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Bablyonian Talmud, Book 7: Tract Baba Bathra (Last Gate), tr. by Michael L. Rodkinson, [1918], at

p. 214


WE deem it necessary to call the attention of the reader to the fact that the law of occupancy was chiefly taken from the ancient Roman law 1 about usucapio (occupancy), which dictates that each usucapio without titulius (claim) is not considered. The claims must be pro emptore (purchase) or pro donato (gift), pro legato, pro dote, or pro herede (inheritance); and with usucapio, which is based upon inheritance, no other claim was necessary. The law applied even when it was known that the occupant never had a deed to what he had occupied, and the reason was because the plaintiff had time to protest three years, or at three harvestings, and when he did not make any claim nor any protest, it was evident that the occupant had a right to occupy, and no other evidence was needed. There is also a difference between præsentes and absentes of the occupant. However, concerning servitutes (service) there was also usucapio, in the reverse; namely, pro libertate (liberty), which means that the servant or bondsman had a right to free himself by non usus--namely, when during three years he was never put to any work by his master he became free. But there was no usucapio by using the bondsman, even if for several years: property in him was not acquired if he had no other evidence. (See Ltf. Schweppe, § 305.) According to this, Abraham Krochmal, in his Scholia to the Babylonian Talmud (p. 278) maintains that the term "to slaves" in the Mishna in question means that the law of occupancy applies to these slaves themselves; viz., after three years' rest from any service to their masters, the slaves become free, but not, in accordance with the Gemara, conversely. And so he also explains Resh Lakish's statement (p. 96), "that the law of hazakah does not apply to a living creature," as unchangeable, and it seems to us that so it is.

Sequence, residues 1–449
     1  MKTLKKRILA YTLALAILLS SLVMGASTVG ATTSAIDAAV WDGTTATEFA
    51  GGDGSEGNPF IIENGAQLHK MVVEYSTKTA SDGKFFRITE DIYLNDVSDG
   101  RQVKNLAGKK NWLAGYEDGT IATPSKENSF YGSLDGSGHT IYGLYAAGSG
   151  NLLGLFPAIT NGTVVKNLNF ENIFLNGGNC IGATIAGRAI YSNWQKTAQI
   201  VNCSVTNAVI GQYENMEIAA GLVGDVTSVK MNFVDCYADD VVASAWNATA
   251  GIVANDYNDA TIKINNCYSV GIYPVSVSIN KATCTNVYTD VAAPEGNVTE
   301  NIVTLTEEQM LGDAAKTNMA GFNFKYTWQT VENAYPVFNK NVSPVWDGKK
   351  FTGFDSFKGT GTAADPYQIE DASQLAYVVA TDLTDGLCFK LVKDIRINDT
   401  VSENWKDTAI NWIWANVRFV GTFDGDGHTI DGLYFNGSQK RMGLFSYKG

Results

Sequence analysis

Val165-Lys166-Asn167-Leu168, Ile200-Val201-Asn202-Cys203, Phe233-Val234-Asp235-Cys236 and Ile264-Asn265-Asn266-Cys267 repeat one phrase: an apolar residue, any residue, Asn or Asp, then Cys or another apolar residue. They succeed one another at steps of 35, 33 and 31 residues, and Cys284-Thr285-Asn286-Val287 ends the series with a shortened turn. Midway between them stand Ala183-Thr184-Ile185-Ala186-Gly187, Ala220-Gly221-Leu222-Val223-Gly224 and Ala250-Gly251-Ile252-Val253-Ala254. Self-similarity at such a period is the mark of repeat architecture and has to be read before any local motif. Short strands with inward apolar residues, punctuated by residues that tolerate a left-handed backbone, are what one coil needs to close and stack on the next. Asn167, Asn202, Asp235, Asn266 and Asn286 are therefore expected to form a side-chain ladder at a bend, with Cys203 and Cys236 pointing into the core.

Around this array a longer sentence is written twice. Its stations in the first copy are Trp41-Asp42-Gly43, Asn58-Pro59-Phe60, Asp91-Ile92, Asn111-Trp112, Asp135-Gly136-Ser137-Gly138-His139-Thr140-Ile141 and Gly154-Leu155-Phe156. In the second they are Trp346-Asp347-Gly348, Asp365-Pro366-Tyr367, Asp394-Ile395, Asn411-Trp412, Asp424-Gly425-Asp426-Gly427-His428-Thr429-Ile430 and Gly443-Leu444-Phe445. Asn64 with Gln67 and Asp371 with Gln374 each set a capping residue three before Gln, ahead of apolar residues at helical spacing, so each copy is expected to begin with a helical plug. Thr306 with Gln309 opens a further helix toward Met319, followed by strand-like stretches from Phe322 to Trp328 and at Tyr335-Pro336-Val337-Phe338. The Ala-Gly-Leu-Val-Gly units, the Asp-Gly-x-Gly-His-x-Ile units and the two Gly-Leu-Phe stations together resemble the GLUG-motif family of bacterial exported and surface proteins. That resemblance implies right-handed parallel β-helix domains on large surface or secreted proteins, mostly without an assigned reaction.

214:1 The law of occupancy also existed in Persia, but it prescribed no less than twenty years. See text, p. 101.

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